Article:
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The Writing-Cute-Things... Issue

School's Out Forever

In the last half-century, Detroit lost more than half its population. Those leaving the city were mostly white people who fled to the suburbs.
JG
Κείμενο James Griffioen
02 Φεβρουάριος 2009, 12:00am

PHOTOS AND WORDS BY JAMES GRIFFIOEN

A school computer lab with relatively modern hardware. Thieves have removed any precious metals from the CPUs and monitors, rendering them worthless.

A school cafeteria trashed by vandals with hundreds of Styrofoam food trays (provided by the same school services company that was supposed to secure and remove supplies from this school).

“Living the Dream”. Several boxes of books commemorating Martin Luther King Jr. found in the Detroit Public Schools’ Roosevelt Warehouse, where tens of thousands of other textbooks and countless other supplies have sat rotting for more than two decades.

A box elder tree grows from a soil made of ash and pulp from science textbooks in the Detroit Public Schools’ Roosevelt Warehouse. A man’s body was discovered in a frozen lift shaft here. It is assumed he had been there for some months as his face had decomposed.

Photo documentation of fight injuries found in the principal’s office. The report in the student’s own handwriting says: “This is what I was at my locker and the 8th Grade Hall and so she came up to me and said you said you ain’t like me I said if I did what you gonna do about it then she hit me…”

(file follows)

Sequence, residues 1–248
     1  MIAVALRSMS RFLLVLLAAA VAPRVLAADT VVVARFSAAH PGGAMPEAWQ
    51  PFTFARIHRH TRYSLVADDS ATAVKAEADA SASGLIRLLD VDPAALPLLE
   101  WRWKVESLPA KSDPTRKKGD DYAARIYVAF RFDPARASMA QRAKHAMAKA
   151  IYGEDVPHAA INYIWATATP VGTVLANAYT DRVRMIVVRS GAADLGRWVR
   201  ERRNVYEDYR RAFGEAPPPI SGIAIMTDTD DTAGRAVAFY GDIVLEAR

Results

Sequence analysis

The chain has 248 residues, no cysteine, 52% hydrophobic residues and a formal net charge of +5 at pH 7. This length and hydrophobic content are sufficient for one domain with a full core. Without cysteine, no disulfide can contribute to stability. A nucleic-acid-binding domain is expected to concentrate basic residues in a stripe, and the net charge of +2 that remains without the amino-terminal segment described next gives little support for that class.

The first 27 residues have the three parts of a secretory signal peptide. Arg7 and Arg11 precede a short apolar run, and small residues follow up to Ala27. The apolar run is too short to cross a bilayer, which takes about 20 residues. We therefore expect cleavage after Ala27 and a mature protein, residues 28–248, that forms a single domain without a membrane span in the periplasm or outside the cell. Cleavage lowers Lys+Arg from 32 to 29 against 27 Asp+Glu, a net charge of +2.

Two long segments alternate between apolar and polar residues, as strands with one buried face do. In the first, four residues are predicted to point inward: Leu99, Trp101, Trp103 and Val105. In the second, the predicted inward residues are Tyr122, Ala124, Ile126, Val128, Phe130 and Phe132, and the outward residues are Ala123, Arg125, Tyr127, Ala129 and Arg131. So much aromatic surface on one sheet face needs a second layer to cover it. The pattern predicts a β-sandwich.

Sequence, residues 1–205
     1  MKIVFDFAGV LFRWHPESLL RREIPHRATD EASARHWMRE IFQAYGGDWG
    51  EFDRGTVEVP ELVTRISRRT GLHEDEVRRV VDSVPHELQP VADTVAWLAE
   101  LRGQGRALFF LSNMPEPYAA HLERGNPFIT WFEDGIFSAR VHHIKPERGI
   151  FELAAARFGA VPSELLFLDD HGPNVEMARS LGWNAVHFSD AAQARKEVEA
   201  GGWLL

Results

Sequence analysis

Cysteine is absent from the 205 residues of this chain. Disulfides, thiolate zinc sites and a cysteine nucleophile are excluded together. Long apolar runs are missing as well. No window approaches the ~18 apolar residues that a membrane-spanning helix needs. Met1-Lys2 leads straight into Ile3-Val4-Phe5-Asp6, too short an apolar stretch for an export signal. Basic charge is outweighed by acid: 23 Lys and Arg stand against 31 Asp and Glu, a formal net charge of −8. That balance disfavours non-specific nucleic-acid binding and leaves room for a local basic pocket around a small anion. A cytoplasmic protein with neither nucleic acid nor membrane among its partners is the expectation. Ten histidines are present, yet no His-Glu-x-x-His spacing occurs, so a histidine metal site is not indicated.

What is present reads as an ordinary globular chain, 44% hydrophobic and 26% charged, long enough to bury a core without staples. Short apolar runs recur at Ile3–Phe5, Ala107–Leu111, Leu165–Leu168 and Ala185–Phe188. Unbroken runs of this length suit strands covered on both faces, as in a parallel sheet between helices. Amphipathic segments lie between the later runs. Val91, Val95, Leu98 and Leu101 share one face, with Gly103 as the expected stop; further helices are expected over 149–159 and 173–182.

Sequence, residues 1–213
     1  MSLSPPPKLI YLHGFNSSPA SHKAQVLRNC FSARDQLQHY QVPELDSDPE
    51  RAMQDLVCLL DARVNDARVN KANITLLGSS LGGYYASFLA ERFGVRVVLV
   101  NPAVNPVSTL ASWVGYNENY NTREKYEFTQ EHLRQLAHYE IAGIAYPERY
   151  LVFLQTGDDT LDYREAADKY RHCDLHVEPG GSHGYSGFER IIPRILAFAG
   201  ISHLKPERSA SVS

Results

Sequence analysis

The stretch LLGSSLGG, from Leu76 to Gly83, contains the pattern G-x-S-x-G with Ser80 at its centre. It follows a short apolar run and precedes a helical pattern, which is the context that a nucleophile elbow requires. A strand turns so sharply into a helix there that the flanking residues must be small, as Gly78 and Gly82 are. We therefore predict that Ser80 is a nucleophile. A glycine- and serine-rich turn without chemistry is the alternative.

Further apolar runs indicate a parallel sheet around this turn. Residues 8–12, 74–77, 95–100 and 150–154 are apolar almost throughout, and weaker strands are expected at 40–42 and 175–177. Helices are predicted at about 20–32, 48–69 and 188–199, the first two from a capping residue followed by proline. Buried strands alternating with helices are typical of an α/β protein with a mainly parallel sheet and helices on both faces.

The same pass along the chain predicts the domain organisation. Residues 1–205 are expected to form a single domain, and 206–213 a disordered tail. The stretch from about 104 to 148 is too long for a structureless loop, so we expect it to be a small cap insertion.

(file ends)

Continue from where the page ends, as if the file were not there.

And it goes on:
The floor of the principal’s office was littered with reports of injuries to students resulting from accidents and conflicts with other students.

The floor of this school’s front office is littered with several decades’ worth of student records and report cards.

A rubbish bag in the principal’s office revealed files of evidence photos of items confiscated from students, in this case after a dice game.

Snow fills a former school library after vandals broke the floor-to-ceiling windows.

A school art classroom ransacked by vandals has cupboards and a closet still well-stocked with art supplies; the closet still had a six-foot pile of unused paper. Art programmes have been among the first cut by Detroit Public Schools under its current budget shortfall.

At the end of the 2007 school year, Jane Cooper Elementary (built in 1920) was left unsecured in the middle of the wasteland where a middle-class neighbourhood once stood. It took “scrappers” only a few months to strip the building of every last ounce of metal and leave it looking as though it hadn’t been occupied for decades.

This tiny box elder sapling took root in a pile of mouldy books and ash inside the former Detroit Public Schools book depository.